Last week Mitt Romney reached deep into the Republican bag of stock postures to attack President Obama as weak in matters of defense and foreign policy. The macho posturing by chickenhawk Republicans (Romney, Rove, Cheney, Bush, Kristol, Gingrich and many others avoided Vietnam if not military service altogether) is an all-too-familiar and, unfortunately, effective right-wing tactic. For sheer gall the 2004 Presidential campaign will not likely be outdone: John Kerry (Silver and Bronze Stars, three Purple Hearts) was slandered and ridiculed as a coward in the service of electing a man who used family influence to secure a coveted spot in the Texas Air National Guard and who then shirked even that safe and comfortable duty. Remember those jovial Republican convention delegates sporting purple Band-Aids? I watched them with a mixture of disbelief, rage, and, grudgingly, admiration for their absolutist fervor.

That kind of certainty can only thrive in an intellectual, experiential vacuum. The same kind of willful ignorance permits chickenhawks to believe in fantasies like “surgical strikes,” or being “welcomed as liberators.” Of course, the “deciders” who launched America’s sole preemptive war in Iraq needn’t have been tested on the field of battle to acquire a few useful truths about just how messy, unpredictable, and long lasting are the consequences of combat—they simply could have done some reading.

Firsthand reports such as We Were Soldiers Once… and Young by Harold Moore, E. B. Sledge’s With the Old Breed, or novels like Joseph Heller’s Catch 22 and Tim O’Brien’s The Things They Carried were available. And a much longer list comes readily to mind — not tales that are “anti-war,” but rather books that complicate received notions of heroism and victory.

(chickenhawk image via

Published just a few months after the US invaded Iraq in 2003, Paul Fussell’s The Boys’ Crusade completed what might be thought of as a trilogy on the subject of war following, as it did, The Great War and Modern Memory and Wartime: Understanding and Behavior in the Second World War. A literary historian and World War II veteran, Fussell focuses on the human scale of conflict — the experiences of the young (very young) men who fought in the two world wars. In Boys’ Crusade he details the high rates of desertion, surrender, and self-inflicted wounds; the way replacements were routinely pushed into dangerous duty by veteran squad-mates, and the numerous casualties resulting from friendly-fire.

Little of what Fussell reports would be surprising to anyone who has served in the military; after all, the acronyms FUBAR and SNAFU (fucked up beyond all reason; situation normal: all fucked up) originated among the ranks. But even a literary immersion in such non-glorious history might have dampened, say, Deputy Secretary of Defense Paul Wolfowitz’s militant enthusiasm (reportedly he was the first to bring up invading Iraq just days after 9/11). What if this chickenhawk had been acquainted with the material in the Boys’ chapter “Treatment of Damaged Bodies, Alive and Dead”? In it, the author quotes a medic’s memoir; although these are German corpses, the nineteen-year-old soldier was no less stunned:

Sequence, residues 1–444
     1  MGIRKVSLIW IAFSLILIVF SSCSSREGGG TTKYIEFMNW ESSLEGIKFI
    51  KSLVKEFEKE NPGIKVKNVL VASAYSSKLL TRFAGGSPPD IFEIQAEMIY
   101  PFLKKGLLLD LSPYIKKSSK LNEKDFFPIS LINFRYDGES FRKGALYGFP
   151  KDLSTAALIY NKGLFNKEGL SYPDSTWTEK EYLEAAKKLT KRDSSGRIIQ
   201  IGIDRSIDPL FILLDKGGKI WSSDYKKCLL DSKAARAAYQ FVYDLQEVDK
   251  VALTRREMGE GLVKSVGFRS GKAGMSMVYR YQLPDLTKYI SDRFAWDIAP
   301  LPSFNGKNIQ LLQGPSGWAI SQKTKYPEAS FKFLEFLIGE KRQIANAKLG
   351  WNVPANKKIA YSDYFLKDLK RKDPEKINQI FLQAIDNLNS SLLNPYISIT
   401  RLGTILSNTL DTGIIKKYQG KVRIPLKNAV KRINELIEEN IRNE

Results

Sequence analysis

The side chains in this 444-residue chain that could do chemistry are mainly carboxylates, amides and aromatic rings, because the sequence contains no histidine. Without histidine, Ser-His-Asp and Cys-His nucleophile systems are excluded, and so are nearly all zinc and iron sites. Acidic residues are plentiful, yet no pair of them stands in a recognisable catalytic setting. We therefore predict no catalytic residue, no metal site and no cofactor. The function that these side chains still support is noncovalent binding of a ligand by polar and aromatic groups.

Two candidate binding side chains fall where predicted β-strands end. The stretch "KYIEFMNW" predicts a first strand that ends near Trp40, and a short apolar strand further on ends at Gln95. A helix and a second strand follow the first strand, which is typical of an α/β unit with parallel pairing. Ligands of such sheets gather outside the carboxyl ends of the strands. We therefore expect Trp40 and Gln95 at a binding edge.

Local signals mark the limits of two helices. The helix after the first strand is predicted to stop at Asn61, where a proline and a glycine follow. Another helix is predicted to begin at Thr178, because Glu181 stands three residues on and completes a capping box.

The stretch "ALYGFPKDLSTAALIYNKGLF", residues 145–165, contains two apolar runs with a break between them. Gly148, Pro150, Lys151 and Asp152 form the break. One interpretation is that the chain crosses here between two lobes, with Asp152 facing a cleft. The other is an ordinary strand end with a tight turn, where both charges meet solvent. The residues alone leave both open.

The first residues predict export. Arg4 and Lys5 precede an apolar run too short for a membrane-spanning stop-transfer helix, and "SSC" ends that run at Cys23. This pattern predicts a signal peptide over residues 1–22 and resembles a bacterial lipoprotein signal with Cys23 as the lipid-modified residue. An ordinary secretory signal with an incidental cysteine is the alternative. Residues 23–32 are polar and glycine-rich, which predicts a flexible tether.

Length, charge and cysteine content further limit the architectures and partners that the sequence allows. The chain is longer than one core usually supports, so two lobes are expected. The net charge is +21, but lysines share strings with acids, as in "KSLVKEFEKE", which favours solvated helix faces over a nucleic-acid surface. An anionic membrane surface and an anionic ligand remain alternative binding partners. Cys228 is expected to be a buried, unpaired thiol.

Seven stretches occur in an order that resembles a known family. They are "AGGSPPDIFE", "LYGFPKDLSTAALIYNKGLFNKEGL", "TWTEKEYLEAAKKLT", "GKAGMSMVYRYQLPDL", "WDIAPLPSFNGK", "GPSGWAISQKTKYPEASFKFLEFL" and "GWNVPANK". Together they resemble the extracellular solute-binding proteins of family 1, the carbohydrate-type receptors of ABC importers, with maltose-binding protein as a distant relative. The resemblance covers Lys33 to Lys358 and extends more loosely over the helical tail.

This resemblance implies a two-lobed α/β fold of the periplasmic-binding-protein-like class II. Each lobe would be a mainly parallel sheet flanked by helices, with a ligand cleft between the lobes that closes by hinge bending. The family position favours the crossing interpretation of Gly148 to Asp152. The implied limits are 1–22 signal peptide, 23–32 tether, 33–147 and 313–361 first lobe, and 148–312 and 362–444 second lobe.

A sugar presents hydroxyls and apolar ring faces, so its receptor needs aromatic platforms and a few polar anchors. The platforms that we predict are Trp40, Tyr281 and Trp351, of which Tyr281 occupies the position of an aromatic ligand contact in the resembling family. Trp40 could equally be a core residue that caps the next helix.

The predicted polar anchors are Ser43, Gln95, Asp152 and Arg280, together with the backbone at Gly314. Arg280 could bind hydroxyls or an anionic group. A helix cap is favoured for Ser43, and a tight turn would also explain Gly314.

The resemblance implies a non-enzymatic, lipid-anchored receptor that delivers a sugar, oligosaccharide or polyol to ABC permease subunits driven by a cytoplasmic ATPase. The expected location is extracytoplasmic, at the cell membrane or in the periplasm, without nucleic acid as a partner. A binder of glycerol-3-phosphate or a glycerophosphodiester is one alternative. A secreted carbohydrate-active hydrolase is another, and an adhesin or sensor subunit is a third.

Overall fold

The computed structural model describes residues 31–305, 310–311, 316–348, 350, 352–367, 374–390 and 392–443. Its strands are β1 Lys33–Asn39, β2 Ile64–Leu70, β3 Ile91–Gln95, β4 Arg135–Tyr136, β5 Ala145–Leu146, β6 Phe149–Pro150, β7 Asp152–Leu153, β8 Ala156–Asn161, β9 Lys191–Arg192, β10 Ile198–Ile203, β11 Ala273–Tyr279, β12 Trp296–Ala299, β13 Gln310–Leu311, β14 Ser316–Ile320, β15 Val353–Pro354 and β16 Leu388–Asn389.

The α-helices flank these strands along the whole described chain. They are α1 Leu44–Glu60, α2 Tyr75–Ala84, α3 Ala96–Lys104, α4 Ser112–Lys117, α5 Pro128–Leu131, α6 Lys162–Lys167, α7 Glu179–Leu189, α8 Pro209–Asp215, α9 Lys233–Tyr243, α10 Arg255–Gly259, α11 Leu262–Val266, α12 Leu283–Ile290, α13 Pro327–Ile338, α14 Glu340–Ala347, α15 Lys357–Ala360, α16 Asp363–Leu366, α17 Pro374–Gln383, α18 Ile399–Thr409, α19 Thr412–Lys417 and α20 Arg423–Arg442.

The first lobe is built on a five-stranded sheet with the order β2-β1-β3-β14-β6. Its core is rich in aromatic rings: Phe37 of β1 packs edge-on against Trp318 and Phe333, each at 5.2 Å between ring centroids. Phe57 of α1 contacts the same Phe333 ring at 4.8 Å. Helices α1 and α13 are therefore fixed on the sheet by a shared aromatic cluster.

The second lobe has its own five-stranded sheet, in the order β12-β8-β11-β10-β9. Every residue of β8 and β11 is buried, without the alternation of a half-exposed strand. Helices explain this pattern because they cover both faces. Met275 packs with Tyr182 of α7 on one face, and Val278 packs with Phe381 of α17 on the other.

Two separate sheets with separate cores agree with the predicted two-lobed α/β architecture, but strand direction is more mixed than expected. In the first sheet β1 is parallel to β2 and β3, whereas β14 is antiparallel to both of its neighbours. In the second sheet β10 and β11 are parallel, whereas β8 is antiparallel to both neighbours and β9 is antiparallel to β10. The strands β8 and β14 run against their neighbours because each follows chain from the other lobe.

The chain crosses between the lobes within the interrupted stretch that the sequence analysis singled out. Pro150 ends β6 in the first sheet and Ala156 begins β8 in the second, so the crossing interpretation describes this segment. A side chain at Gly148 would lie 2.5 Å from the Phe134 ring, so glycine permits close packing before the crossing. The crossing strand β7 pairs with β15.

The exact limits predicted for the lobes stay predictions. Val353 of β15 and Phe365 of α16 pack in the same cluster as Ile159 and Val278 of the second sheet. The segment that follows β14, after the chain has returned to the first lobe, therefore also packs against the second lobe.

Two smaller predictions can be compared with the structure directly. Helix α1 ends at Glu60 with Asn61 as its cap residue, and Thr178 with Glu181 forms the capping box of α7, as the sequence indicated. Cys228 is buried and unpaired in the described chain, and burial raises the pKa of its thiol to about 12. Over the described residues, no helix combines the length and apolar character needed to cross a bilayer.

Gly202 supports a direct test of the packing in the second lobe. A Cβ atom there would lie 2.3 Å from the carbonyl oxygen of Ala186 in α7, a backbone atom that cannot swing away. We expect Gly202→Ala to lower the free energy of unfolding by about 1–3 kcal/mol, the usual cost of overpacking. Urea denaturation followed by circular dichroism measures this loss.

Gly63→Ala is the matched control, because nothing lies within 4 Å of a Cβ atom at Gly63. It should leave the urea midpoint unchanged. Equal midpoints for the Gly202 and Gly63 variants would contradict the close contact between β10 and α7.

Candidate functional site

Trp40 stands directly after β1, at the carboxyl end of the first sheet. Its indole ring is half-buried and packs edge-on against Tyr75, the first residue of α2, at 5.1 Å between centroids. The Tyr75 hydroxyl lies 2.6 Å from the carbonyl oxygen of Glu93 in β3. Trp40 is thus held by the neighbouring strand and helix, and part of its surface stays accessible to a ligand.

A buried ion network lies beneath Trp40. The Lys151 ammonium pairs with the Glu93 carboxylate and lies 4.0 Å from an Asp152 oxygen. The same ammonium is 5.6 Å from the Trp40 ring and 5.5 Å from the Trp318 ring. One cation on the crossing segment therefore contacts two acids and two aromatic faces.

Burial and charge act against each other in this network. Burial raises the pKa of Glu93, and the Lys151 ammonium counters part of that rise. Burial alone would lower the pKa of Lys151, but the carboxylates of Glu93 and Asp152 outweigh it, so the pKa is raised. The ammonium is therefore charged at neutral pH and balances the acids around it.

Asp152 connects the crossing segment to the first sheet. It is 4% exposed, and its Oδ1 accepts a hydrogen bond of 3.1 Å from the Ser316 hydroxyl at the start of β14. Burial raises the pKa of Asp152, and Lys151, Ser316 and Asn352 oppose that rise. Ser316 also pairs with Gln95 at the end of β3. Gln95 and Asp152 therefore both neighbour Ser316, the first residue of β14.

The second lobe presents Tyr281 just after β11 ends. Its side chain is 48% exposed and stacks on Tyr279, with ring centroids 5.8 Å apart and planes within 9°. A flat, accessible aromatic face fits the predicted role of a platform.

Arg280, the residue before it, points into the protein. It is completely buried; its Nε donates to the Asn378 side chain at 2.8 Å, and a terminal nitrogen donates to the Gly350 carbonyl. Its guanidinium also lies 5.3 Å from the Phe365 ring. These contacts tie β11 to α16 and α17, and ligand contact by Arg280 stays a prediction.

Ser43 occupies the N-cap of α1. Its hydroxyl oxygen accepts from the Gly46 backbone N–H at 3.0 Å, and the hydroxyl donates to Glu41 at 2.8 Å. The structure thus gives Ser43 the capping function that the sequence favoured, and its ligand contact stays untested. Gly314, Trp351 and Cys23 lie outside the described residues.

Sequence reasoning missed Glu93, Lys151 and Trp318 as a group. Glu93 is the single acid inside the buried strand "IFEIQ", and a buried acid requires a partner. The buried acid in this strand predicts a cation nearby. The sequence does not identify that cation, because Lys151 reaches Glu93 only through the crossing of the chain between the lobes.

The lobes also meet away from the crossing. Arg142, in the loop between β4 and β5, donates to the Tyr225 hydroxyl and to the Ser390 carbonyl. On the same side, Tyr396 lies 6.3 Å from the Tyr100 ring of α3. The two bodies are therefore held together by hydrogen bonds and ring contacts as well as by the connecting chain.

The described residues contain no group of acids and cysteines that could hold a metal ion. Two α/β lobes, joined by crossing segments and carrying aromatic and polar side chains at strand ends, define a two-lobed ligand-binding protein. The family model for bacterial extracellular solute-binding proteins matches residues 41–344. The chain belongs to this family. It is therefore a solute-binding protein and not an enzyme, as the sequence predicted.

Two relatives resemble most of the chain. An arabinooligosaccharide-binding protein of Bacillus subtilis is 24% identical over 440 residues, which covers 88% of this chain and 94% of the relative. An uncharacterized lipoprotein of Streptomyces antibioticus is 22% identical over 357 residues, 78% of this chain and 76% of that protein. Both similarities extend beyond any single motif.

We saw them coifed in crab-shaped helmets, dressed in gray uniforms, mouth agape, gray teeth, gray hands, worn boots, no identities, indistinguishable one from the other, dead meat, nothing to grieve.

We were stupefied by the death we’d breathed, and stumbled toward combat clutched by the fear that we, too, could be made simple.

Equipped with the certainties about international conflict acquired at Cornell, the University of Chicago and Yale, Wolfowitz didn’t stumble — he rushed headlong; after all, only other men’s lives were at stake.

Many books have already appeared by Iraq vets and others have been penned by civilians about the home front. Ben Fountain’s novel Billy Lynn’s Long Halftime Walk published this past spring is my candidate for the best piece of writing about the war as experienced by those of us not numbered among the 1.5 million Americans who served in Iraq.

Fountain recounts the heady days spent touring the US by Bravo Squad, a group of soldiers whose heroic acts were recorded and broadcast on TV and the internet. As guests of the Dallas Cowboys, the squad is set to appear in a halftime show with Destiny’s Child, but first must run a gauntlet of media shills, Texas millionaires, and personal friends of the Bushes, all of whom make profligate, unthinking use of words like “bravery” and “sacrifice.” Fountain’s doesn’t dwell on the traumatic consequences of combat. Battlefield gore isn’t in evidence and no one experiences flashbacks. Instead, the novelist probes the canyon-size gap between the entertainment nation and its warriors. The loss of Shroom, a friend and mentor, is never far from Billy’s mind; not far either is the prospect of returning to the war right after the game. The patriots who grow teary-eyed as they congratulate him for his brave deeds (they saw it all on TV!) appear as fools to Billy. He’s no longer quite one of us; no longer a fan of the ongoing American show.